King Crab Heals Scalds And Sores
Of course, not the crab itself, but its hepatopancreas, which is a gland performing functions of both liver and pancreas. And not an entire hepatopancreas, but only some of its enzymes isolated by the Moscow scientists supported by the Russian Foundation for Basic Research (RFBR) and Foundation for Assistance to Small Innovative Enterprises (FASIE).
Doctor of chemical sciences Galina Rudenskaya from the Moscow State University and her colleagues from small enterprise TRINITA have made an important discovery in medicine, thanks to funding extended by the RFBR and FASIE.
The preparation based on enzymes extracted from king crabs hepatopancreas (gland performing functions of both liver and pancreas) heals scalds, sores, and trophic ulcers that were either incurable or hardly curable before. Surgeons that participate in trials are eager to get some "crab grease". But only a very small amount of the ointment has been obtained by now, and it still needs to be approved by the Pharmacological Committee. And only 100 grams of enzymes that are active components of the ointment have been isolated. However, technique for their isolation and purification has already been developed and patented.
So, the preparation is based on enzymes, so-called, proteases. The most important among them, collagenase, catalyzes the hydrolysis of collagen that is a tough fibrous protein constituent of bone, tendon, and skin. It is collagen that makes the skin resilient, water-proof, and resistant to various agents. Most active collagenases are extracted from pathogenic microorganisms causing gas gangrene. Hence, the extraction of such collagenases is a labour-consuming and risky process. But collagenase is also contained in the hepatopancreas of king crab, in non-hazardous surroundings of crabs intestines.
Collagenase is needed for the following. In case of a serious damage of the skin (a scald, scar remaining after an operation, or trophic ulcers), the wound healing is impeded by small fragments of tissues, particularly, collagen remaining there. Those cannot be decomposed to single molecules because of an absence of essential enzyme, collagenase. Hence, those fragments of tissues decay and cause necrosis. The wound heals slowly and difficultly, with the appearance of pus and ugly scars.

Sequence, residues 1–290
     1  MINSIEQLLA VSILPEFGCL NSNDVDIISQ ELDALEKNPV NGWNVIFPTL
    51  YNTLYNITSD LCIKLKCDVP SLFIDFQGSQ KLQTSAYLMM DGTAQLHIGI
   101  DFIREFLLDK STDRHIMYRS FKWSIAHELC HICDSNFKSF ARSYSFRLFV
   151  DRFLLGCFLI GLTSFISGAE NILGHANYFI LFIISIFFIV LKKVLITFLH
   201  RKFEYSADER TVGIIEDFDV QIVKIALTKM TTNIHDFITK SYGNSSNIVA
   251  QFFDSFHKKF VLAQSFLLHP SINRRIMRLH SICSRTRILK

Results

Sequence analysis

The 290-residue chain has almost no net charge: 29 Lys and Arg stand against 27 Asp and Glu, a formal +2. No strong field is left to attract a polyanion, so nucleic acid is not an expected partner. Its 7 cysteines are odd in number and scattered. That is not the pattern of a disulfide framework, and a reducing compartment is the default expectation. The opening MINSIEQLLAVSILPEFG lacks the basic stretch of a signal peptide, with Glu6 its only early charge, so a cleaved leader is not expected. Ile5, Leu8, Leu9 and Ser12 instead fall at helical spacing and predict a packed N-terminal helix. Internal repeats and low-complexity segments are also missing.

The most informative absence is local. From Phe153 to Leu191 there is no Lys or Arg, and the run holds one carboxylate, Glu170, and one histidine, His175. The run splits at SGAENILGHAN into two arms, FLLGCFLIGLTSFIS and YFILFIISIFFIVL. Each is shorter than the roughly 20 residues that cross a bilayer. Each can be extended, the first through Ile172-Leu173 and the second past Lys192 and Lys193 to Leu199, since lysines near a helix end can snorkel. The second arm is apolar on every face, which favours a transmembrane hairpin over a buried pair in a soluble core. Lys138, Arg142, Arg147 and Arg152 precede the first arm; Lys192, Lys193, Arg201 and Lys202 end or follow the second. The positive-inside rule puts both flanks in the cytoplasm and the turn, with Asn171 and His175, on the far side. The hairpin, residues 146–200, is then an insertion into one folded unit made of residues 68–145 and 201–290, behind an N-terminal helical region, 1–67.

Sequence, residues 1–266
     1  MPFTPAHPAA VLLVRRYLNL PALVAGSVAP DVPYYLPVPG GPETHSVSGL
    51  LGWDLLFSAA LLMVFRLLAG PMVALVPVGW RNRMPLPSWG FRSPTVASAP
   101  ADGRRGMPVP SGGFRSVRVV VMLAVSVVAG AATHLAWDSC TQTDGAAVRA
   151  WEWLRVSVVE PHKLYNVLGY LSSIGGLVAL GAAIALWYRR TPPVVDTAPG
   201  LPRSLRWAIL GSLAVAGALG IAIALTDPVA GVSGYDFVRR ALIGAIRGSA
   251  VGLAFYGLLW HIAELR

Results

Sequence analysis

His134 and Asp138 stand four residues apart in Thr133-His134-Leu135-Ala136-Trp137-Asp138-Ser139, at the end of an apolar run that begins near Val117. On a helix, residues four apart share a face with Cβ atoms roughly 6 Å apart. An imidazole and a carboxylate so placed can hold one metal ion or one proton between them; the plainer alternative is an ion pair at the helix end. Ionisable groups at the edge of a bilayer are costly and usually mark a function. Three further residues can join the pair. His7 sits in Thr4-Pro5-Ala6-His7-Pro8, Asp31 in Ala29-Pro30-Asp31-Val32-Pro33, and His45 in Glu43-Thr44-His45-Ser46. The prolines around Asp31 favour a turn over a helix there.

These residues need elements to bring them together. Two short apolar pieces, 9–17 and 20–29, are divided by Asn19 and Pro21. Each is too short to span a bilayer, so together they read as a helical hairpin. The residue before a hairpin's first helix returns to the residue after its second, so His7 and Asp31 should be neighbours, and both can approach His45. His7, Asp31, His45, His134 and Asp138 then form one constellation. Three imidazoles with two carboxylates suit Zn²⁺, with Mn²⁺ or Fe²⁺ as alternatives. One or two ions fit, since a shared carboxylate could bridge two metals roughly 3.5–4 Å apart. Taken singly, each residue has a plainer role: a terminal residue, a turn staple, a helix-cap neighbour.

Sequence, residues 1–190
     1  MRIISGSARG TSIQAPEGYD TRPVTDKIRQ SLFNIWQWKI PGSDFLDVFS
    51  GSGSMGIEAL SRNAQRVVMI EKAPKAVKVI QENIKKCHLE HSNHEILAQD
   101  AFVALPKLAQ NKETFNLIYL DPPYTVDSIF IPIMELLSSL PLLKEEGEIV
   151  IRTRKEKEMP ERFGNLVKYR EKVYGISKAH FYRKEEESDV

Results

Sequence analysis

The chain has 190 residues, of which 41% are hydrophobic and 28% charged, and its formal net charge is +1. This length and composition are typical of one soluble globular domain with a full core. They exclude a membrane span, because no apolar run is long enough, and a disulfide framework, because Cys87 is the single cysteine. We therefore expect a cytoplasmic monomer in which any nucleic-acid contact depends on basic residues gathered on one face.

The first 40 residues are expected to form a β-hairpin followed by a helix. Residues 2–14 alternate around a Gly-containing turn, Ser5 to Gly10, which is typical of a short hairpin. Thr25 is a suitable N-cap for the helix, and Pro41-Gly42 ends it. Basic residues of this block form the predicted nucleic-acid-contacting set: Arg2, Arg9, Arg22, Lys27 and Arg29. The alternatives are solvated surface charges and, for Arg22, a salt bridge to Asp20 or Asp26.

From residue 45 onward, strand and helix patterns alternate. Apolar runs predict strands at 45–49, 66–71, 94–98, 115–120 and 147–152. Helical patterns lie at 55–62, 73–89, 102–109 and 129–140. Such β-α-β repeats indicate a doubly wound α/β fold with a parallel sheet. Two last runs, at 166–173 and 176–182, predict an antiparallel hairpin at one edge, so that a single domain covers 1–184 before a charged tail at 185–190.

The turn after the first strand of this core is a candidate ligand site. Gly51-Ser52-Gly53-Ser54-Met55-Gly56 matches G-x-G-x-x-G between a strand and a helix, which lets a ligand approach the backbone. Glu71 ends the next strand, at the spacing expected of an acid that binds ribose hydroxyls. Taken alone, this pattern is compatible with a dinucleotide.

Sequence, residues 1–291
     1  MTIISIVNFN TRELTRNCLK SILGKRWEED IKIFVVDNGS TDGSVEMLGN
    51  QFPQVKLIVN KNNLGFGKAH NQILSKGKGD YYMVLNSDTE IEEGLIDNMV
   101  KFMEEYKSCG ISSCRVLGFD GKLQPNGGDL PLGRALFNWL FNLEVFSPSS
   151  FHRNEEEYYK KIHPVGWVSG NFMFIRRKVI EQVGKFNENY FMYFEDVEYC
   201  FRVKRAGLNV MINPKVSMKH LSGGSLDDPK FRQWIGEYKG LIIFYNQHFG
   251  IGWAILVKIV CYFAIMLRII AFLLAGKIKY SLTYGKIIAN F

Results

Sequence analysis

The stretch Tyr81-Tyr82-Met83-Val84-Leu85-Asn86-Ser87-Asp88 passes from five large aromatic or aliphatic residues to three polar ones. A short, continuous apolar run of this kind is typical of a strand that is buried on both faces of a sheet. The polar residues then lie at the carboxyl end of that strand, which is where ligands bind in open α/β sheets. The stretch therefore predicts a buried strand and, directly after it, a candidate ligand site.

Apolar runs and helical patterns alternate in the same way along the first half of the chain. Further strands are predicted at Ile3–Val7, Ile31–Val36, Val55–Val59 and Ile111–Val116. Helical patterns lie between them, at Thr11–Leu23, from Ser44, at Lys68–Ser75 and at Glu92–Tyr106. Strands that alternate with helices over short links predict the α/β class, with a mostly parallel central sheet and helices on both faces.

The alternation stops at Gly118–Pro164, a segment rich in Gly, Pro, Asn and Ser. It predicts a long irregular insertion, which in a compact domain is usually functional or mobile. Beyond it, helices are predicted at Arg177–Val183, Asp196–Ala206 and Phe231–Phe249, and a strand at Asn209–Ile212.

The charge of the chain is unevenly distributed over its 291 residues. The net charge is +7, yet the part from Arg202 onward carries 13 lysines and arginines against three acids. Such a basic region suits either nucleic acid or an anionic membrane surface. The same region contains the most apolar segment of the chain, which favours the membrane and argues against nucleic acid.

The preparation developed by the University chemists contains collagenase itself and some other enzymes. By the expression of Rudenskaya, "collagenase tears collagen into pieces that are further chewed by other enzymes".
Afterwards, the wound healing requires a building material for a new elastic skin, which is supplied by preparation "Eikonol" developed by the enterprise TRINITA headed by V.A. Isaev. The active component of the latter is extracted from fish. Thus, all components of the medicine are obtained from food objects and dont cause undesirable side effects. Raw materials used in the medicine manufacture are cheap wastes of fishing and crabbing.
The scientists have also invented a new technique for extracting active enzymes from crabs internal organs and their purifying. This is so-called affine chromatography, for which special sorbents have been synthesized. The extract containing various necessary and unnecessary compounds moves through columns filled by the sorbents.
The latter consist of a silica-containing material bond with molecules of antibiotic, whose basket-like structure catches needed enzymes, proteases, from the solution. Thus, proteases are retained in the sorbent, and all admixtures pass by.
All together, that resembles a rod with bait tasty for a single fish species. Then, proteases are washed off by another solution, concentrated using a nontrivial technique developed by the scientists, and dried. Provided that obtained powder is properly stored (in a freezer at -20 degrees Celsius), its medical properties can be preserved for many years. When the laboratory technique will be adjusted to the pharmaceutical industry (the scientists believe they can do that very soon), there will be enough enzymes for everybody.
Sergey Komarov | alfa